This article traces the long history of textual amulets in ancient Egypt. Their origin and subsequent developments are reconstructed through a study of the materials used for their production and a close reading of the instructions contained in formularies for fashioning such amulets. A typology for textual amulets made of papyrus, which is based on physical and formal characteristics of the preserved artifacts, is presented.
The paper presents the preliminary results of the analysis of the Iron Age finds from Tel Nagila. The excavations, which took place in the early 1960s under the direction of R. Amiran and A. Eitan, revealed three Iron Age strata. Through the lens of these finds, we reflect on Tel Nagila as an Iron Age settlement on the border between Judah and Philistia, on the ethnic and political affiliations of its population, and how these affiliations may have changed over time
Despite the late date and dubious veracity of the Deuteronomistic history, and despite the Bible's status as the only Bronze or Iron Age text which indisputably refers to Dagon in a southern Canaanite geographical context, scholars have traditionally accepted 1 Samuel 5:1–8's portrayal of Philistine cult in the Iron Age I as being centered on this deity and his temple at Ashdod. This study marshals archaeological and historical evidence to assess the level of support for the presence of Dagon in Iron I Philistia, and for a temple at Ashdod as described in the biblical account. Also...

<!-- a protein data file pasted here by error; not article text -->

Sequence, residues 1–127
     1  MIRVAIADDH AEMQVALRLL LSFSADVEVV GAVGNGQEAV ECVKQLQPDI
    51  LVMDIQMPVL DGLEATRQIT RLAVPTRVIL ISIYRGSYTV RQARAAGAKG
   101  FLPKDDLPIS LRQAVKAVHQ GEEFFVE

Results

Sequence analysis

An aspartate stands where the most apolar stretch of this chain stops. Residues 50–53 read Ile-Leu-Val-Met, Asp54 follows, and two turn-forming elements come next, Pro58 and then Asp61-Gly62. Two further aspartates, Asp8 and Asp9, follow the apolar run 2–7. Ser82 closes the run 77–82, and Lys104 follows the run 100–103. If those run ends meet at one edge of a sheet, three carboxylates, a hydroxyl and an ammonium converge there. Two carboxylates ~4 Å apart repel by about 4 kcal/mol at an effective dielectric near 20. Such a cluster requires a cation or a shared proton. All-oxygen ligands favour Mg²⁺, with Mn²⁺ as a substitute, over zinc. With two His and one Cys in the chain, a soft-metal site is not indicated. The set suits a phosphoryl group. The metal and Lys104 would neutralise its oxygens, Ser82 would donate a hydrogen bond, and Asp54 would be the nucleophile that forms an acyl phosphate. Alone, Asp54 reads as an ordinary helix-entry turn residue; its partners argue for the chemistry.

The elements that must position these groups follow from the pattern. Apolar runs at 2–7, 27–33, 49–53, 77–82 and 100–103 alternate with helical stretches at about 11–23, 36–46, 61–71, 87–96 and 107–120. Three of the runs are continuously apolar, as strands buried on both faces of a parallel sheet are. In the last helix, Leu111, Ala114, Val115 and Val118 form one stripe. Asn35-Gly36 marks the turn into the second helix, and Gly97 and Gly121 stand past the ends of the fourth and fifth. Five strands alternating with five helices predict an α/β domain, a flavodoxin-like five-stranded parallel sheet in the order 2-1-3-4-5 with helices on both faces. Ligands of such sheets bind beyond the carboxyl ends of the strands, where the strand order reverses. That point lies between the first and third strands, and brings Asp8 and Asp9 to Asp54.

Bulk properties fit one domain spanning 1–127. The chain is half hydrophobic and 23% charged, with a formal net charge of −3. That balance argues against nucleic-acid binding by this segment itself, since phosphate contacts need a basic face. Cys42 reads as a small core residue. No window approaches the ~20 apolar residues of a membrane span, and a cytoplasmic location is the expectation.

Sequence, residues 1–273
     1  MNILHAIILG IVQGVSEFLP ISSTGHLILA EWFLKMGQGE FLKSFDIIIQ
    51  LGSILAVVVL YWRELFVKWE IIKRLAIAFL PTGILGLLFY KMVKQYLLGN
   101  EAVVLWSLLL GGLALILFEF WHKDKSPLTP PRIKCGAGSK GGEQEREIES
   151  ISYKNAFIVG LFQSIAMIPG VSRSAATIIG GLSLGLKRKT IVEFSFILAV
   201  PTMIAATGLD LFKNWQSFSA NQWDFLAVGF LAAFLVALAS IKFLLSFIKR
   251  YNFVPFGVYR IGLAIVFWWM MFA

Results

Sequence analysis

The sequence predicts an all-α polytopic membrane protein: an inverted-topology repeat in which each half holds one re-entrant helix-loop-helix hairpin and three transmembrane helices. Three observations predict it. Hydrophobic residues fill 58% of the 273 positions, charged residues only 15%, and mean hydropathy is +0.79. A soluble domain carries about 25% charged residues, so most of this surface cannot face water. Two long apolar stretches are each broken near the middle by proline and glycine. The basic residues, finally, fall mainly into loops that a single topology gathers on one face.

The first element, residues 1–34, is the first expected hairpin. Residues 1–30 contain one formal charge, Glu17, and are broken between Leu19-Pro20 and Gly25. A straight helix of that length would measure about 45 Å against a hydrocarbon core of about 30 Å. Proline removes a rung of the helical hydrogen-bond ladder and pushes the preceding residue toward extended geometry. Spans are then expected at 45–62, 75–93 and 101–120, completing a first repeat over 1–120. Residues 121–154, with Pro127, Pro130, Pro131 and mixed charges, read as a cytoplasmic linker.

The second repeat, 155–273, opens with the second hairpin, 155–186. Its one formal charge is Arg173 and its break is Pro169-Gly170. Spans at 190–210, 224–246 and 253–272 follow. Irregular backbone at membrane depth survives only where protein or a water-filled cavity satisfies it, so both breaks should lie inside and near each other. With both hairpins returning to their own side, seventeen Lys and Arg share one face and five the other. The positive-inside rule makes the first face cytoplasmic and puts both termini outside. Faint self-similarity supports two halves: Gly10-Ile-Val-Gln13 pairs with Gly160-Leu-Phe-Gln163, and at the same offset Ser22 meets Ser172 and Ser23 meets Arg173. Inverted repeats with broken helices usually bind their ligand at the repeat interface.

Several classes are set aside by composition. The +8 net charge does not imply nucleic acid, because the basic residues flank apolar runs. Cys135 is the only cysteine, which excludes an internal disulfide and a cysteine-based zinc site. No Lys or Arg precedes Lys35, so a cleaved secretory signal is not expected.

Synthesis on the presence of the egyptian god Osiris on greek and roman coins, from L. Bricault (dir.), Sylloge Nummorum Religionis Isiacae et Sarapiacae (SNRIS), Mémoires de l'Académie des Inscriptions et Belles-Lettres, tome XXXVIII, Paris 2008, p. 34-36.